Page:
By Dr Daniel Sokol,
Mrs Jones is a 75-year-old woman with a malignant cancer of the colon.
Giving medication can cause ethical dilemmas
She also suffers from uraemia, a toxic condition caused by kidney damage. Although surgery is possible, it will only prolong her life for a few weeks and her death, from metastatic cancer, is likely to be painful.
For her doctor, foregoing surgery will lead to a more peaceful death. With her best interests at heart, he strongly recommends this option to Mrs Jones. Mrs Jones disagrees. She wants surgery.
Dr Stevens, a junior doctor, has accidentally given the wrong dose of medication to an elderly patient.
Thankfully, the mistake is benign. The patient is uncomfortable for a few hours but there are no long term medical consequences. The patient appears unaware of the mistake.
Mr Fildes, a 60-year-old man and life-long heavy smoker, is dying from metastatic lung cancer.
To control his severe pain, he is put on a morphine drip. A week later, Mr Fildes is unresponsive.
The distraught family ask the doctor to increase the dose to "let nature take its course".
'A safe distance'
For a long time, medical ethics was synonymous with etiquette.
As members of a learned and distinguished profession, doctors had to behave in a gentlemanly manner.
How should they ask their patients for payment? How should they examine a lady's abdomen?
In the early 19th century, for example, it was relatively uncommon for doctors to examine the body of their patients.
One of the main advantages of the flexible stethoscopes that appeared in the 1830s, beside reassuring the doctor that he was probably a safe distance from the sick patient, was that it could be used on respectable ladies with a much reduced risk of offending them.
Even a few decades ago, the thought of studying medical ethics formally was unthinkable. One learnt ethics by watching and copying one's seniors.
Professor Raanan Gillon, a renowned medical ethicist and retired GP, remembers the time when, as a medical student, he saw one of his teacher's refuse an abortion to a 14-year-old girl because she was a 'slut'.
On another occasion, he recalls standing last in a line of six medical students, each waiting to examine the testicles of a clearly embarrassed patient. When, as a junior doctor, he approached his consultant with the idea of doing a PhD in medical ethics, his project was dismissed with an incredulous laugh: "you can't study medical ethics!'.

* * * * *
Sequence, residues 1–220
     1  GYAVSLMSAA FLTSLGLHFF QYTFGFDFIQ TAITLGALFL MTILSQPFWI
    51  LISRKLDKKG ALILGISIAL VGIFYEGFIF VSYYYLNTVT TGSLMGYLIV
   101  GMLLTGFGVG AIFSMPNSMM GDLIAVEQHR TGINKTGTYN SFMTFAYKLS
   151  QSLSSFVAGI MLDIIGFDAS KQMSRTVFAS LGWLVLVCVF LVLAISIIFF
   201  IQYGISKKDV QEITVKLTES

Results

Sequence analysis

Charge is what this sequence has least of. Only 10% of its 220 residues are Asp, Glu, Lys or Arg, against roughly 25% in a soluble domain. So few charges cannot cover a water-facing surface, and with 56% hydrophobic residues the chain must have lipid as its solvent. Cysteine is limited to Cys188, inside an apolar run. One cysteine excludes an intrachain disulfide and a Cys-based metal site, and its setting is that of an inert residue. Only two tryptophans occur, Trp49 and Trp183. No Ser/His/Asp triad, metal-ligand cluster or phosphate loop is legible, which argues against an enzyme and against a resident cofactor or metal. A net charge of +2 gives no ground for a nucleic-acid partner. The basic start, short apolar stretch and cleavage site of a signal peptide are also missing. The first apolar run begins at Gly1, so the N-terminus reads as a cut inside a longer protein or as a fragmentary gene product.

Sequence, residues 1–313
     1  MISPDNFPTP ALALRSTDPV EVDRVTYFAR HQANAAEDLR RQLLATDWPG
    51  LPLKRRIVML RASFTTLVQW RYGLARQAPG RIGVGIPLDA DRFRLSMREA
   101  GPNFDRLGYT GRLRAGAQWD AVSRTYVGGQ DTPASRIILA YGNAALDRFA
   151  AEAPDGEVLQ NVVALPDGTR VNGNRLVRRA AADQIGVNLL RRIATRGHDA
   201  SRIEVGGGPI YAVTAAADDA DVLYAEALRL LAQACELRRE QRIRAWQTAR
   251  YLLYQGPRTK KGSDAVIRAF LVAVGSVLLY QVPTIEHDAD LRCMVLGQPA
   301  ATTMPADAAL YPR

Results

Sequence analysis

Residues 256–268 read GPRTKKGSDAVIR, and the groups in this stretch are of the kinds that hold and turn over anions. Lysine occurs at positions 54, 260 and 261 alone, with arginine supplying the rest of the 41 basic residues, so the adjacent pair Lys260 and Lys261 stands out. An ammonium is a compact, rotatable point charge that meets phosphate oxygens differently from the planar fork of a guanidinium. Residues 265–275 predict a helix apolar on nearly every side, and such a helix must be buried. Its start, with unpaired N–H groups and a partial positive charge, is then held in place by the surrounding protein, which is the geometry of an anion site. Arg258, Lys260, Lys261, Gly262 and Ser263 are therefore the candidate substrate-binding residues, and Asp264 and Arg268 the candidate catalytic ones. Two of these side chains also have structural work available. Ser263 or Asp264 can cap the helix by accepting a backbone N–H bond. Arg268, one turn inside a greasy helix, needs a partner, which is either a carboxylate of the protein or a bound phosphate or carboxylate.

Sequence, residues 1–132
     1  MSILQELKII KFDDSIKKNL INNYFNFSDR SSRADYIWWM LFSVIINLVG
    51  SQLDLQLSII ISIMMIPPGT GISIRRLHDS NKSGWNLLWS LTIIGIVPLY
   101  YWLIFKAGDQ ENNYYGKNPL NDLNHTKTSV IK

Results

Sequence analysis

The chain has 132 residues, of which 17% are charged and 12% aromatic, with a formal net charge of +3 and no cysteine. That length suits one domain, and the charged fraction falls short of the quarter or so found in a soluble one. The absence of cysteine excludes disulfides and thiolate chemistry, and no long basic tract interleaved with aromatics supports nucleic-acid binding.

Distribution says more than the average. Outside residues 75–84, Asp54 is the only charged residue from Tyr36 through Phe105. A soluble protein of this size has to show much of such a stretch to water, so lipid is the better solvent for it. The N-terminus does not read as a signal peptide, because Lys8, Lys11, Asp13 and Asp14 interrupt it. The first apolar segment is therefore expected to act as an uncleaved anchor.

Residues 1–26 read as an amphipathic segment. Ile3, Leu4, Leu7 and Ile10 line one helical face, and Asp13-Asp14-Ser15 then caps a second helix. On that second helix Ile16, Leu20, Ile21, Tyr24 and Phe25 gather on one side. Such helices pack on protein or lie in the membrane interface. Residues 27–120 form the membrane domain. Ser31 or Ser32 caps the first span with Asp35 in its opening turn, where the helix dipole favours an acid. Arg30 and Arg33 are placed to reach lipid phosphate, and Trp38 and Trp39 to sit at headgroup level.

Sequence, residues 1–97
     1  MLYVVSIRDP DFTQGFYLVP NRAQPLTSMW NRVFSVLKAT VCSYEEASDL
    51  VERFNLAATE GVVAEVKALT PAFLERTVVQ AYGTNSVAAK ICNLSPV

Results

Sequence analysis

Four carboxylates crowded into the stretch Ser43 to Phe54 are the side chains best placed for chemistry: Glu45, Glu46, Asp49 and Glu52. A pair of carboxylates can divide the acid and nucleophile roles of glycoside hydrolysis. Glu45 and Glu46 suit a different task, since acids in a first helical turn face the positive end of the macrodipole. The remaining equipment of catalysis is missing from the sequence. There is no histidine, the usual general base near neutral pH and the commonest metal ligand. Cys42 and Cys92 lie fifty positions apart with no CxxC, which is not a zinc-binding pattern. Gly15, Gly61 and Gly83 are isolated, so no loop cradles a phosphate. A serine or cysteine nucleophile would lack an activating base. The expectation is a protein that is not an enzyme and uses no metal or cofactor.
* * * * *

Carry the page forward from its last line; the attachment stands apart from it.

Today, every medical school in the UK must teach the subject to medical students.
However, this is only a recent addition to the already packed curriculum, and medical schools vary greatly in how much emphasis they put on medical ethics teaching.
Many practising doctors have never received any training in resolving ethical dilemmas, despite the fact that developments in medical technology have made such dilemmas more common than ever.
Although some doctors do not see this as a problem, many others voice concerns about their ability to provide sound arguments to justify their ethical decisions.
They operate by intuition, hoping they get it right. They might be at ease when performing a delicate medical procedure, but lack confidence when discussing the thorny concept of futility.
Recognising the significance of ethics to good clinical practice, a recent report by the Royal College of Physicians (RCP) recommended that key medical staff have training in clinical ethics.
In response to the RCP's report, Imperial College last week launched the UK's first course in Applied Clinical Ethics (ACE) for clinicians.
The course tackles the central ethical issues in medicine: when is it morally acceptable to withdraw life-saving treatment?
When should doctors consider do-not-resuscitate orders? What happens when patients or relatives disagree with doctors? How should they handle mistakes or deal with problem colleagues?
What role should culture and religion have in decision-making? The aim of the course is simple: to turn clinicians into budding clinical ethicists.
In North America, clinicians can call on professional ethicists for help in resolving moral dilemmas.
Based in hospitals and armed with PhDs, these clinical ethicists are trained in analysing and resolving complex ethical problems in medicine.
Like other healthcare professionals, they can be bleeped and called onto the wards to visit clinicians, patients or relatives, and are considered members of the multi-disciplinary medical team.
In the UK, such a profession does not yet exist. Clinicians are on their own.
When people think of medicine, they think of science and technical miracles, but it is a deeply moral enterprise.
Questions of value, of good and bad, right and wrong, pervade the practice of medicine.
The focus of clinicians' training should not fall exclusively on the technical side, but also on the long-neglected ethical dimension. In the end, clinicians, patients, and society itself will benefit from this broader approach.
Daniel Sokol is a medical ethicist at Keele University and Director of Imperial College's Applied Clinical Ethics course.